The pseudepigraphal letters to the Thessalonians
Part of the Criminal practice series series
Marlene Crusemann examines the Thessalonian letters in the context of Jewish-Christian social history; building upon her analysis of 1 Thessalonians, Crusemann comes to the conclusion that it is post-apostolic epistolary communication, and questions whether it is a letter of Paul and indeed whether it is an early letter.
This analysis in turn adds weight to the thesis, propounded by some previous scholars, that the letter is somewhat out of place and may be a later work by another author. Crusemann subsequently illustrates that 2 Thessalonians, by contrast, revokes the far-reaching social separation from Judaism that characterizes 1 Thessalonians, and thus aims socio-historically at a solidarity with the entire Jewish people.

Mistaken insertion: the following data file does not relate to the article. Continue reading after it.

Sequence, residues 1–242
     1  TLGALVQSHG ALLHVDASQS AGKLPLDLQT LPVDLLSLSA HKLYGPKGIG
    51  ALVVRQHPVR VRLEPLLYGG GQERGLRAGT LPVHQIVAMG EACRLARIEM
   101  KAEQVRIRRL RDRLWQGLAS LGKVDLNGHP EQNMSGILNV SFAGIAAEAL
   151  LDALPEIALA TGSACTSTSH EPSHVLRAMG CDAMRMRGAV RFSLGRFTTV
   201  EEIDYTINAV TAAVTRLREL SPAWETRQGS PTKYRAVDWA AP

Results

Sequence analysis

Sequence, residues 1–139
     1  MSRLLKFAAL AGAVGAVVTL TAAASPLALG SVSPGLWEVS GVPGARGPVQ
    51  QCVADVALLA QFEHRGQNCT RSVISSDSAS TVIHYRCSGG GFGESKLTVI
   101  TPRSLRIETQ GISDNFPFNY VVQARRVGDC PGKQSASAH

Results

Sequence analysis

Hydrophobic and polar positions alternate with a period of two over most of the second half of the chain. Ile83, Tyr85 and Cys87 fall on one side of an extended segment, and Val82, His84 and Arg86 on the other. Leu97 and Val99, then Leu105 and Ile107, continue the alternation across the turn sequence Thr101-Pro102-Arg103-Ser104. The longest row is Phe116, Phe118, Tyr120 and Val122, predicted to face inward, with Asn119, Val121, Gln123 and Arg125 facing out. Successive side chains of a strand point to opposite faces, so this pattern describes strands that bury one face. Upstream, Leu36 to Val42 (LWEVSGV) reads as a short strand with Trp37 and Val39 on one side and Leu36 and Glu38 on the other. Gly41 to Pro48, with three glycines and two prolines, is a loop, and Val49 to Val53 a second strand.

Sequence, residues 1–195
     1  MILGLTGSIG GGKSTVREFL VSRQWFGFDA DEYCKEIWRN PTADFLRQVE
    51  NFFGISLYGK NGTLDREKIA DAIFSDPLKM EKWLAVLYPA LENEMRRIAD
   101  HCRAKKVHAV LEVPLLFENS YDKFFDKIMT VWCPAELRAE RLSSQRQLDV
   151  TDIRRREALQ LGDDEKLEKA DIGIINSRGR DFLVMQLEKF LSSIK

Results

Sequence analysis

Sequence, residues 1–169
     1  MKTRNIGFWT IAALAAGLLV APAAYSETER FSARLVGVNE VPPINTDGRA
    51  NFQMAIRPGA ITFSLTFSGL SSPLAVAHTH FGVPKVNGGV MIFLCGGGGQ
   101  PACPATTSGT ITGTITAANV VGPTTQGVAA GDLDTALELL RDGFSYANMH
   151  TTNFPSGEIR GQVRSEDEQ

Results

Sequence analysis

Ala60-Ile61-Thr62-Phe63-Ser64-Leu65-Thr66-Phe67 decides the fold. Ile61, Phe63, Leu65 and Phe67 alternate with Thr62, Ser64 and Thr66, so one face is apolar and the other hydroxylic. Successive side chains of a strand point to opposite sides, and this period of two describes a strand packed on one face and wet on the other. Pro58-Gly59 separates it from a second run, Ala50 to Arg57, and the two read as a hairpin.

Analysing the concept of the Jews as supposed enemy, the future of the Greek gentile community, and the relationship between the two letters, Crusemann concludes that the discussion about a "divergence of the ways of Christians and Jews" in early Christian times needs to be realigned.